The word first appeared in Middle English in the 14th century, gaining a negative connotation: the secondary definition of “tinker” is “an unskillful mender.” As travelers, outliers, and knowledge-bearers, tinkers became shadow figures—ones to beware. Ian Henderson, Penland’s metals studio coordinator, came across the word in a fantasy novel called The Name of the Wind. In the book, Ian remembers, it’s bad luck not to buy something from the tinker.
Penland’s tinker is skillful. (That’s an understatement.) And he’s not be feared. Unless you fear “preposterously laborious processes.”
Producing art work in step with a marketplace doesn’t shine for Ian. When he’s not working on something with one person in mind, Ian adventures in the Realm of the Absurd and Obsolete, “collecting ideas and techniques” rather than working within a goal of refining them.
Ian’s role at Penland provides space and support. Problems he encounters managing the studio dovetail with his own love of problem-solving. To talk with Ian about what he’s made and why is a bit like watching a stone skip across water– this, then this, then this–each work sets off sentences about the flash of invention, delivered in a joyful, skittery style.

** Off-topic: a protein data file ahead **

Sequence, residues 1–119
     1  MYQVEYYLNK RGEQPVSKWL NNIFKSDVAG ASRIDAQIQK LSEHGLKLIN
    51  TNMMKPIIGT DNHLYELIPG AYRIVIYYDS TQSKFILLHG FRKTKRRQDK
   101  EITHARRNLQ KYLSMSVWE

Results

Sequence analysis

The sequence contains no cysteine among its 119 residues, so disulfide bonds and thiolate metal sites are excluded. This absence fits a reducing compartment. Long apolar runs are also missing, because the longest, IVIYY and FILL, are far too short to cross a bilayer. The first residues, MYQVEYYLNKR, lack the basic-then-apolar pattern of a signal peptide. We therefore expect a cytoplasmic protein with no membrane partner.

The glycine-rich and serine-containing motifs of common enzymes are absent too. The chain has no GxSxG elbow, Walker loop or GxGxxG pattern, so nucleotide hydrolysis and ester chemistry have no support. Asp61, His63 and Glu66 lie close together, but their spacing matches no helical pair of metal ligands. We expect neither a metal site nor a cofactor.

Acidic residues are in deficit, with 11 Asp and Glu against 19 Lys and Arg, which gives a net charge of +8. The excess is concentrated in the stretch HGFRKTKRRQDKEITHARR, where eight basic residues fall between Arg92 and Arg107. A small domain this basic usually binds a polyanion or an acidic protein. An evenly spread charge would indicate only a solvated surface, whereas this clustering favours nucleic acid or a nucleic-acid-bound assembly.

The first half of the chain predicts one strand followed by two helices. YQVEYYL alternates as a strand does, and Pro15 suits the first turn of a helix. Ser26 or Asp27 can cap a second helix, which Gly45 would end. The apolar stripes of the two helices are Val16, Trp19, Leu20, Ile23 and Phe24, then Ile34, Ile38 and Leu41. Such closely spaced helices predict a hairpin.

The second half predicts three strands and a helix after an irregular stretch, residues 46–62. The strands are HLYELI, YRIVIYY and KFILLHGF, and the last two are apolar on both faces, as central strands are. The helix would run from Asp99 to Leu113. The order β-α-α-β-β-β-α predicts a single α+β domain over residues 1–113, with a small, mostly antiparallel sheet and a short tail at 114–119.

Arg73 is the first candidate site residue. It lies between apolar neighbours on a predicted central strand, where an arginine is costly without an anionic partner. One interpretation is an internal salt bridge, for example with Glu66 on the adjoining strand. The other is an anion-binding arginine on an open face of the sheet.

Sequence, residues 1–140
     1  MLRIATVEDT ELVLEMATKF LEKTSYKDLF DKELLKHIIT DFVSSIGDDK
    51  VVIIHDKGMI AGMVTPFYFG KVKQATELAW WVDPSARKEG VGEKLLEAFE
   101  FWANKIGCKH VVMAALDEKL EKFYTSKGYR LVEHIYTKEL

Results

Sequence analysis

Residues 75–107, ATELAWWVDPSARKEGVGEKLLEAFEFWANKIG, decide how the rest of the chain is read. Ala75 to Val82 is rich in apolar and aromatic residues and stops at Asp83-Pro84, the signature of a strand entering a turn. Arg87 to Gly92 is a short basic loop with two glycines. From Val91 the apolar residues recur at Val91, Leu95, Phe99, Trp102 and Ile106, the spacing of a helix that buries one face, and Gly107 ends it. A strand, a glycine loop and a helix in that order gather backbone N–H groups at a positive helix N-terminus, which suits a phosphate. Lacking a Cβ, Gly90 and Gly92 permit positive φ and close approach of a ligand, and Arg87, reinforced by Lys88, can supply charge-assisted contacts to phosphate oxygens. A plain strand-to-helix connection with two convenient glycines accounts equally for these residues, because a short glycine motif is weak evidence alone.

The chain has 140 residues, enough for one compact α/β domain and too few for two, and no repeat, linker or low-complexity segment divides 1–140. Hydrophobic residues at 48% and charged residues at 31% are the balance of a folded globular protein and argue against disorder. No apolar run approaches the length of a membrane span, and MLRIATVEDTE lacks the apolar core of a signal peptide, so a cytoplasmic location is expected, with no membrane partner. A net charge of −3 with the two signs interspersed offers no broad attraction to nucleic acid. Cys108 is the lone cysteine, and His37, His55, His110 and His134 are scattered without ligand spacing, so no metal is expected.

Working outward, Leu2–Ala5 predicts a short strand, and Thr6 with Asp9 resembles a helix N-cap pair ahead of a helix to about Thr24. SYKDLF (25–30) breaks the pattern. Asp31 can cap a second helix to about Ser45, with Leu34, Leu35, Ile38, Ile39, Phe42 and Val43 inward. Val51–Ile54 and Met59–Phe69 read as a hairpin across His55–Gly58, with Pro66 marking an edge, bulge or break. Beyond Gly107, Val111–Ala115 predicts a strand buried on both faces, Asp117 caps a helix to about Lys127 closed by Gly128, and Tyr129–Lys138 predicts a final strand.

“Everything I start I think it’s going to be My Thing, from the time I started Tom Spleth’s slipcasting concentration as a core student,” Ian jokes when we stop in to look at the things he made this winter. Penland’s tinker is someone who puts his whole boundless inquisitive self into what he creates, from an elaborate tile wall piece to a batch of kefir. Take a look.
Photographs by Robin Dreyer; writing by Elaine Bleakney
To view more of metalsmith, ceramicist, mixed-media artist, and tinker Ian Henderson’s work, visit ian-henderson.com. Photograph of kefir not included.